LA Oil Facility Hit With Criminal Charges Over Leaks, Fumes

Students walk by the gates of the AllenCo Energy drill site in South Los Angeles. (Courthouse News photo/Nathan Solis)

LOS ANGELES (CN) — The operators of a neighborhood oil-drilling operation will face criminal charges for environmental and health violations stemming from noxious fumes that made south Los Angeles residents ill.

Six years ago, AllenCo Energy voluntarily shut down its site after state inspectors became ill during a site visit. For years, residents had complained of waking with nose bleeds, headaches and other ailments they blamed on operations at the oil facility.

The Archdiocese of Los Angeles owns the property in the University Park neighborhood near the University of Southern California and leases it to the oil operators. The oil drill site is surrounded by homes and the private Catholic Mount Saint Mary’s University, Los Angeles.

The St. James oil wells located at the AllenCo site have had numerous leaks including in the fall of 2019 according to LA City Attorney Mike Feuer.

The operators did not turn on a monitoring system that would have tracked any harmful vapors that could have leaked from the site. Feuer said AllenCo refused to turn on the system.

The misdemeanor complaint names AllenCo Energy and the company’s officers, Timothy Parker and Clifford Peter Allen. The charges announced Tuesday are for failure to comply with an order from the California Geologic Energy Management Division (CalGEM) to put in place a plan to shut down the operation.

The wells at the site have not been in use for several years, which means they are nonoperational according to the criminal complaint filed on Monday.

CalGEM ordered the 21 oil wells depressurized, but the oil operators appealed the decision and have not complied with the state’s orders. CalGEM asked that the court reaffirm the order in March but there has been no response from the oil operators.

The Los Angeles Fire Department have also issued notices on the wells’ nonoperational status.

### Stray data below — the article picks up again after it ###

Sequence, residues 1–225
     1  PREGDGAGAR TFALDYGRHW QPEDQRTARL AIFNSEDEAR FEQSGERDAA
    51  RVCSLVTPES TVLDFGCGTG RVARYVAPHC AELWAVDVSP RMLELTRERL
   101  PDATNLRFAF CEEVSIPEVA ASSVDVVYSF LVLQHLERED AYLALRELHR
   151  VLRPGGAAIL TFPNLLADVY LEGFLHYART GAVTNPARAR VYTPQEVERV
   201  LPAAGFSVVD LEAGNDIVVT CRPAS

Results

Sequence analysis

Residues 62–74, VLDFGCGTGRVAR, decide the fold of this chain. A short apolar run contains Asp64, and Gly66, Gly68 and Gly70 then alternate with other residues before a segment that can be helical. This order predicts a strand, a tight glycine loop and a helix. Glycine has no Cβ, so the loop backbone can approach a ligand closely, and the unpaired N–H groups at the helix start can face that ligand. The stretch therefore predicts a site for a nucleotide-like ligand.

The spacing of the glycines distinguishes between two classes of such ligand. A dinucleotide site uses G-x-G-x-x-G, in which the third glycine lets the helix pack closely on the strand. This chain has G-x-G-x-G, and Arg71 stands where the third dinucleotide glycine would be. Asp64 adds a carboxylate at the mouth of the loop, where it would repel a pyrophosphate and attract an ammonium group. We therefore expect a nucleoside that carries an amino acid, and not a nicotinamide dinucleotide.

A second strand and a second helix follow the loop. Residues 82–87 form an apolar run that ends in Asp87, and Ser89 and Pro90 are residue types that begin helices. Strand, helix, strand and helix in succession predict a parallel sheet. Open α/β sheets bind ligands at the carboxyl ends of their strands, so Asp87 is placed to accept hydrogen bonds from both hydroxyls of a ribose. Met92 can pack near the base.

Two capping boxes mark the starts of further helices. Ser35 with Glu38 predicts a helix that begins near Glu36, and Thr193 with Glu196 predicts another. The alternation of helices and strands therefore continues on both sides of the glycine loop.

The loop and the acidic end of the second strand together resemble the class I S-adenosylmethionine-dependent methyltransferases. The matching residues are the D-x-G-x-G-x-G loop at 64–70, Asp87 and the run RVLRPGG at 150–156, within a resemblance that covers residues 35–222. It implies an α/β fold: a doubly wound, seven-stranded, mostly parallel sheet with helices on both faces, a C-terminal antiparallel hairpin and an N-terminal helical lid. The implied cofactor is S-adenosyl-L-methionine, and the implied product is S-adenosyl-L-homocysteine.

“These sweeping new charges show that we won’t allow AllenCo to continue allegedly defying the law and disregarding its neighbors when it comes to environmental safety and health protections,” Feuer said in a statement. “This is a matter of environmental justice.”

Nancy Halpern Ibrahim, executive director of the nonprofit ‎Esperanza Community Housing Corporation and organizers behind the neighborhood’s People Not Pozos (People, Not Oil Wells) initiative called the charges against AllenCo long overdue.

“Even during the site’s long closure, our residents witnessed many leaks from the oil wells,” said Ibrahim in a statement. “When they raised concerns for their health to the proper agencies, they received an utter lack of responsiveness. It’s been a long time coming, but this is a great relief to the communities that AllenCo is being charged and will be criminally compelled to resolve these problems.”

Community organizer Hugo Garcia with Esperanza Housing said, “So far, state laws that hold oil companies responsible for cleaning up idle oil wells have not been enforced, and it points to the need for new laws in the books to protect people, not polluters.”

In a statement, CalGEM state oil and gas supervisor Uduak-Joe Ntuk said the AllenCo Energy “facility continues to be a potential risk to public health, safety, and the environment.”

An email and phone call to the AllenCo operations were not immediately answered for comment.

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